Note: The purpose of a drop tuning is to allow a person to do power chords by just using a bar with their finger. The goal isn't so much to make it that much easier to do a power chord, but, to make it so that you can change power chords faster, for I don't care how fast you can slide your hand, it'll still go faster if you don't use that shape. To tune a Drop tuning, there are 2 ways to do it, the first way, which people usually will tell you to do, is to play the 6th and 4th (or E and D) strings together, until the 6th string is an octave below the 4th string. The way I usually do it, and is also a good way, is to use the 7th fret on the 6th string and tune it until it is in unison with the 5th string (much like people will tell you to do, in order to tune the guitar to itself).
The second most common tuning (or so it seems) is Drop D. In this tuning the E string is dropped 2 semi-tones (or frets) so that power chords can be done in a bar form (or just with one finger put over the strings, for those that haven't gotten to barre chords yet). The notes for this are DADGBE. In order to tune this without a chromatic tuner (though I strongly recommend getting one), there are 2 ways to do it, the first way, which people usually will tell you to do, is to play the 6th and 4th (or E and D) strings together, until the 6th string is an octave below the 4th string. The way I usually do it, and is also a good way, is to use the 7th fret on the 6th string and tune it until it is in unison with the A string (much like people will tell you to do, in order to tune the guitar to itself). Yeah, I repeated myself, but... hey...
This is an uncommon tuning, but I saw it recently when attempting to play a Three Days Grace song, so I will cover it. Notes are Db Ab Db Gb Bb Eb. In order to get this tuning, use Standard Eb, and then follow the instructions for putting it in drop. I don't want to dwell too much on this; chances are you'll never use it.
This tuning is common for metal songs, and it's also an indicator that you're a System of a Down fan or Godsmack fan (I'm both). The notes of this tuning are C G C F A D. In order to tune to this, use Standard D, but tune your 6th string 2 semi-tones down, or, in other words, use Standard D, and then follow the instructions to get your guitar into a Drop tuning.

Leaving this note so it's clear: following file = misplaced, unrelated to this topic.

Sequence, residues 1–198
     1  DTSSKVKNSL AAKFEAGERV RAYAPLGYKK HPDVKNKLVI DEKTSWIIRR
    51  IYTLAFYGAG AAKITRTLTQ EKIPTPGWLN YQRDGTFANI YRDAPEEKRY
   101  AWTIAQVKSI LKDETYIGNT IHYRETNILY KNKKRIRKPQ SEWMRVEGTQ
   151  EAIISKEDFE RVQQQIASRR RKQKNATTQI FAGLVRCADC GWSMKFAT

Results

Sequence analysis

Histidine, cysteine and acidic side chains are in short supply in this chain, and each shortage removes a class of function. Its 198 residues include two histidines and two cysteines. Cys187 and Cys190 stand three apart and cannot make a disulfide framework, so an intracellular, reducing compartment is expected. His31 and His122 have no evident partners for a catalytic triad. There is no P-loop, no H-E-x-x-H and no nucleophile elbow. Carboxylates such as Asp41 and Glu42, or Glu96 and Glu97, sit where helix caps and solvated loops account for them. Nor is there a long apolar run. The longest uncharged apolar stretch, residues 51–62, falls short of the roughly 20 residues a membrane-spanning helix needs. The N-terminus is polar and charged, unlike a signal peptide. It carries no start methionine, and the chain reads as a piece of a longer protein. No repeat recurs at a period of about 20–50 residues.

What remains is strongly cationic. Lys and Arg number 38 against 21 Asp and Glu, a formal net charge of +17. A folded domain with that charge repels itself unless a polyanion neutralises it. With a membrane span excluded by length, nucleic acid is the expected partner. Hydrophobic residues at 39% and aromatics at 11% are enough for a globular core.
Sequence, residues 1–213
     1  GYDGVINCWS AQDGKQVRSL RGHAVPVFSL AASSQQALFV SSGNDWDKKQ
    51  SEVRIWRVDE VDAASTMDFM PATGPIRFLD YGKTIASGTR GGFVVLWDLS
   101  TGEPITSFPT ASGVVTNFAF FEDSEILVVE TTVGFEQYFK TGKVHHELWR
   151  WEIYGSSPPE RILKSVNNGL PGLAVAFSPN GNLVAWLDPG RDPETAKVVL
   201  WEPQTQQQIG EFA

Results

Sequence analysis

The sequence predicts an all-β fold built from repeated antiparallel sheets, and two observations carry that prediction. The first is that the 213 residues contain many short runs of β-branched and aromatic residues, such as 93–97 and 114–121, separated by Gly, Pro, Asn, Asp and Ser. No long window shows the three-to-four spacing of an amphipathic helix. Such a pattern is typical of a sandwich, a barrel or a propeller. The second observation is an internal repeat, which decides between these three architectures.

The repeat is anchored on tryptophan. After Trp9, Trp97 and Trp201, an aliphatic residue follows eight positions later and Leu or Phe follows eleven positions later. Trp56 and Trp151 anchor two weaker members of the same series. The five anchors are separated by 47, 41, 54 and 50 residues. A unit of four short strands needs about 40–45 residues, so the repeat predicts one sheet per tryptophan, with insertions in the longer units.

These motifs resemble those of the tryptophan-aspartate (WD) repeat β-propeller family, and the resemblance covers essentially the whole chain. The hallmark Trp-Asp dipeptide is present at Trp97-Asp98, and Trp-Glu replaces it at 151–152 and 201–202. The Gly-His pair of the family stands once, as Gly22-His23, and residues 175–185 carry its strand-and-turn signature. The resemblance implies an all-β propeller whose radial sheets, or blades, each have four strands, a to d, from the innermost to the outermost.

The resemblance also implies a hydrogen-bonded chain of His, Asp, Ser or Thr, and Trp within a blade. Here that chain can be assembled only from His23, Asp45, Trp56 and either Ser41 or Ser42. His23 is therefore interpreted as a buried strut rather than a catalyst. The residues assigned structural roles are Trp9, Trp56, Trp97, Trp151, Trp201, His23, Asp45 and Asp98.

Welcome to nu-metal country. This is the prime choice of tuning for bands like Slipknot (not that I don't love their stuff, for they are a great band). If you're going to tune to this, I strongly recommend upping your string gauges to 12's or 13's. Your 6th string should be at a gauge somewhere around .057. Back to the tuning at hand... This is the second lowest drop that is somewhat commonly used the other is Drop A, but, we'll get into that when I talk about 7-string tunings. Anywho...
Notes for Drop B: B Gb B E Ab Db. In order to tune your guitar to this... GET A CHROMATIC TUNER YOU LAZY SOB!
Sorry... I just really don't want to write this out... The Standard tuning for this would be Db, so, out of standard E (that's right, think back to the top of the page here) you'd have to use the 8th fret instead of the 5th, and the 7th fret instead of the 4th, then, use the formula for drop tunings and throw it into drop. I guess that wasn't so bad. But seriously, if you're going to do this sort of tuning. Get a chromatic tuner. It's a necessity, and will save you a lot of grief.